A little known fact is that many data breaches are as a result of sloppy system administration, and the hackers know this. If the banks routinely left their back doors open and provided a direct path to the safes, it would not take long before criminals would be inside. But no one can imagine this ever happening. So why do so many sensitive, cloud based databases make it easy for cyber criminals to steal information? It could be due to the rapid growth in cloud computing, or perhaps the shortage of skilled computer administrators, but what is not helping the severe lack of cyber security professionals. This problem has to be addressed as a matter of urgency.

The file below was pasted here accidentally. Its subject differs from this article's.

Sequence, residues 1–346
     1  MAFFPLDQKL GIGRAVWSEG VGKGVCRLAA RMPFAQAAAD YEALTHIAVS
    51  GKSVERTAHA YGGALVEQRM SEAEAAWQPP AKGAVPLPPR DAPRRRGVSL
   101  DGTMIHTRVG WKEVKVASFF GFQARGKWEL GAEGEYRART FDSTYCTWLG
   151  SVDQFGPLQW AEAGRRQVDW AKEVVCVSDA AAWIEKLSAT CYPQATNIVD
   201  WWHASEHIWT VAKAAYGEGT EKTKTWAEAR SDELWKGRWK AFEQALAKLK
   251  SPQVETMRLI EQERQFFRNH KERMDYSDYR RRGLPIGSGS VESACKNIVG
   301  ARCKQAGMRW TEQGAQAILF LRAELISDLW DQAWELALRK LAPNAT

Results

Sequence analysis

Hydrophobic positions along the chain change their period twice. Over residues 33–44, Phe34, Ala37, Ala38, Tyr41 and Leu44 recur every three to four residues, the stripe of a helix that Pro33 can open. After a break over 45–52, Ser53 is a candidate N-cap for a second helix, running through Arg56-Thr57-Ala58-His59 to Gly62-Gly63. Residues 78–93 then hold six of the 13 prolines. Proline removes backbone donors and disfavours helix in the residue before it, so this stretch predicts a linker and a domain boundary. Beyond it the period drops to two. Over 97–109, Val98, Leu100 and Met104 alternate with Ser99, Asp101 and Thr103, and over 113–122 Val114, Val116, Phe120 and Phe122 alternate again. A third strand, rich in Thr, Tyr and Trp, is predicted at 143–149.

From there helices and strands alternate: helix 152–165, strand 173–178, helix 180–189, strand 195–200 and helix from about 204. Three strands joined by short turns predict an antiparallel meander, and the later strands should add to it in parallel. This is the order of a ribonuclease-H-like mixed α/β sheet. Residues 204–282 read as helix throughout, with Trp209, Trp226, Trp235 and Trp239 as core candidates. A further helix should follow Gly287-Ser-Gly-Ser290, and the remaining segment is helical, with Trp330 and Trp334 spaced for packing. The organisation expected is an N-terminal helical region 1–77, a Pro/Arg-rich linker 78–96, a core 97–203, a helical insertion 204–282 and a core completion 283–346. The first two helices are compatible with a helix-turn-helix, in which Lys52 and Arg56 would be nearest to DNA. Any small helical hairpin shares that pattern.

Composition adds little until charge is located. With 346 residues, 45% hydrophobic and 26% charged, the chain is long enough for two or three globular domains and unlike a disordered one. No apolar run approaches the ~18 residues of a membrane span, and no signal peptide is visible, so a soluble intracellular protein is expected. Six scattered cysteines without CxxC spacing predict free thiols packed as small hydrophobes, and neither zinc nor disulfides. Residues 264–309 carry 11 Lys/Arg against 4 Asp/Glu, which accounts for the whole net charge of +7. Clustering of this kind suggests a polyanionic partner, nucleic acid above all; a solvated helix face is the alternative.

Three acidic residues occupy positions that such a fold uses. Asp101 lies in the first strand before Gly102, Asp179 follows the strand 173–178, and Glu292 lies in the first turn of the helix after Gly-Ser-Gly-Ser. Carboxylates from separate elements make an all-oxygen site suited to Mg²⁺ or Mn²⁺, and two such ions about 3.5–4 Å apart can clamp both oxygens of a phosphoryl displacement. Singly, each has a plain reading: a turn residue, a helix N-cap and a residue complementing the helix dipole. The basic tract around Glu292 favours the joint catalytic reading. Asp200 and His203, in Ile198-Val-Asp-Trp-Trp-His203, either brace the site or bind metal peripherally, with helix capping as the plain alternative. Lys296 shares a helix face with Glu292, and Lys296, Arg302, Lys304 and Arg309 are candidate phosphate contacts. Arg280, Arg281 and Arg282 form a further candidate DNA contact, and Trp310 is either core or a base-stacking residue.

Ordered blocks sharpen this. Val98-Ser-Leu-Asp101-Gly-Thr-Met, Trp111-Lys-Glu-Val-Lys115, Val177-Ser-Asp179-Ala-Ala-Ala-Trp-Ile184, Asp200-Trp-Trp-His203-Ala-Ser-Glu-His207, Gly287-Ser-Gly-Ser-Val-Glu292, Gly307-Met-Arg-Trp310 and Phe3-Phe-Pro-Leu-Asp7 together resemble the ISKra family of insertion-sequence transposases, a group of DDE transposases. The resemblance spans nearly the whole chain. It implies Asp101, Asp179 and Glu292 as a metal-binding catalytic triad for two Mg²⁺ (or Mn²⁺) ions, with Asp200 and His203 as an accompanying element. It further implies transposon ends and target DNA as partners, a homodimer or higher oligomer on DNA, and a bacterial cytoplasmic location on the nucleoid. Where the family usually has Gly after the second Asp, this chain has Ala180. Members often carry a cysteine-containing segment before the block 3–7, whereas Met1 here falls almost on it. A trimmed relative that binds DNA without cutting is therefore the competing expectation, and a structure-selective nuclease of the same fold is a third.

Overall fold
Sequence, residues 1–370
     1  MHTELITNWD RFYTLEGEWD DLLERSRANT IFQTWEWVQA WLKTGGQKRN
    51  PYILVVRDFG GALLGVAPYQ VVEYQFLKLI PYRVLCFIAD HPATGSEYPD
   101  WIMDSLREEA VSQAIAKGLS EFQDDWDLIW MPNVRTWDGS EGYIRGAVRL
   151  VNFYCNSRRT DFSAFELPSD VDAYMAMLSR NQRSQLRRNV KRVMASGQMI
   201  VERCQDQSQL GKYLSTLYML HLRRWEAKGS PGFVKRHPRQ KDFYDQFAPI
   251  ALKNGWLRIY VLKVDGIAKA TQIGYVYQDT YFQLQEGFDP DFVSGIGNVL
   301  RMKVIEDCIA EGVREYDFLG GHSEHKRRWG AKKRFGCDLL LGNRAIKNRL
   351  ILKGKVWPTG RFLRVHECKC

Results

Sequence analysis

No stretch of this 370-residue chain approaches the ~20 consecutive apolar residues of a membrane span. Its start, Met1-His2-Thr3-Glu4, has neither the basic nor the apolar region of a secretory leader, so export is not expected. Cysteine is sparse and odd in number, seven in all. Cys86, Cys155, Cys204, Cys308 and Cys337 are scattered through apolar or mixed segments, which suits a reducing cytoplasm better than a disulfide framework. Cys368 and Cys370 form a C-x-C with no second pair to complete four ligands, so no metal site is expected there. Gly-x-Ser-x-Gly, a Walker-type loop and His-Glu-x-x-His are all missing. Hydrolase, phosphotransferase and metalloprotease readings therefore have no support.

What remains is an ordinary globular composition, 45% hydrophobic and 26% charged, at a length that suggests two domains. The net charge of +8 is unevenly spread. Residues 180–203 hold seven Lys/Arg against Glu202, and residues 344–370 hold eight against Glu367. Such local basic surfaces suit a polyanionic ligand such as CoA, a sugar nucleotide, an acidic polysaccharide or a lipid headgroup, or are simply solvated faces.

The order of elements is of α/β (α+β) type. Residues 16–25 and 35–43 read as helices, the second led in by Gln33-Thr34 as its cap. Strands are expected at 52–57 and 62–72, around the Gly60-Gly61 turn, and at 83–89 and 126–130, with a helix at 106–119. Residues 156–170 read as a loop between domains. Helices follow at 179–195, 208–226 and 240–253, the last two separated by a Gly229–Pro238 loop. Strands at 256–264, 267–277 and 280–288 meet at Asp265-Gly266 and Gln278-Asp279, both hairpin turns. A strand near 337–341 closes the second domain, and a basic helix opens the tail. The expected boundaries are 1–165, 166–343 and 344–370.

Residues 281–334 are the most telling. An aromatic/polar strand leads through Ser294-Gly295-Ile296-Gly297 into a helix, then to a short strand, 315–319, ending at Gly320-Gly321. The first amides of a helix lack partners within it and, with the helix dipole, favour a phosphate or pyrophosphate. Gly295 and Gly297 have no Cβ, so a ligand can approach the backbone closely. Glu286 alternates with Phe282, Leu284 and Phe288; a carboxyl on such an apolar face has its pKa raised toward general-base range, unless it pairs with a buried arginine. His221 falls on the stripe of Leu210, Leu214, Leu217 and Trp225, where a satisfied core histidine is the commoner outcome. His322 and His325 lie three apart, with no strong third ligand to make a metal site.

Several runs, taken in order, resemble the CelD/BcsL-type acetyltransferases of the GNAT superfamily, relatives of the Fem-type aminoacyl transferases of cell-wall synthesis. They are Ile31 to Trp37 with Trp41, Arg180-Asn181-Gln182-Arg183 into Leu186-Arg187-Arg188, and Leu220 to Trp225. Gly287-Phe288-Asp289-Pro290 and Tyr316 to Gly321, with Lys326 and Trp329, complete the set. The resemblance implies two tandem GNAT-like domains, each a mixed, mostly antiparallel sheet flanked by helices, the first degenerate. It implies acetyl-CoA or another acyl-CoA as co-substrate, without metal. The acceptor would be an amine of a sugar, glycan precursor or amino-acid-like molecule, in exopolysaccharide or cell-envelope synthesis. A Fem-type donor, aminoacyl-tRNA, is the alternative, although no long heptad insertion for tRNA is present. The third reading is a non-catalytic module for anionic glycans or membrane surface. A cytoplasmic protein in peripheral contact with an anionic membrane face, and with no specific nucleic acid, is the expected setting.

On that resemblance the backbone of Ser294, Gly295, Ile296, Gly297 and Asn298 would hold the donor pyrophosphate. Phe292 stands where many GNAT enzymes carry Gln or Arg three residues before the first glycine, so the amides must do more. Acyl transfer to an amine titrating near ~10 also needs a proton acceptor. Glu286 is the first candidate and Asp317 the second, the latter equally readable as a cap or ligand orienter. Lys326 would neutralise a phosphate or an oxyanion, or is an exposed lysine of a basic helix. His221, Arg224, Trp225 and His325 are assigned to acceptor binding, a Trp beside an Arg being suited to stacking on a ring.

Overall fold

During the past year, there has been a surge in data breach reporting regarding Amazon S3 servers left accessible online, and which were exposing private information from all sorts of companies and their customers. In almost all cases, the reason was that companies, through their staff, left Amazon S3 "buckets" configured to allow "public" access. This means that anyone with a link to the S3 server could access, view, or download its content. The problem is that most companies believe that if they're the only ones knowing the database's URL, they are safe. This is not true. Attackers can obtain these URLs using MitM attacks on corporate networks, accidental employee leaks, or by brute-forcing domains for hidden URLs.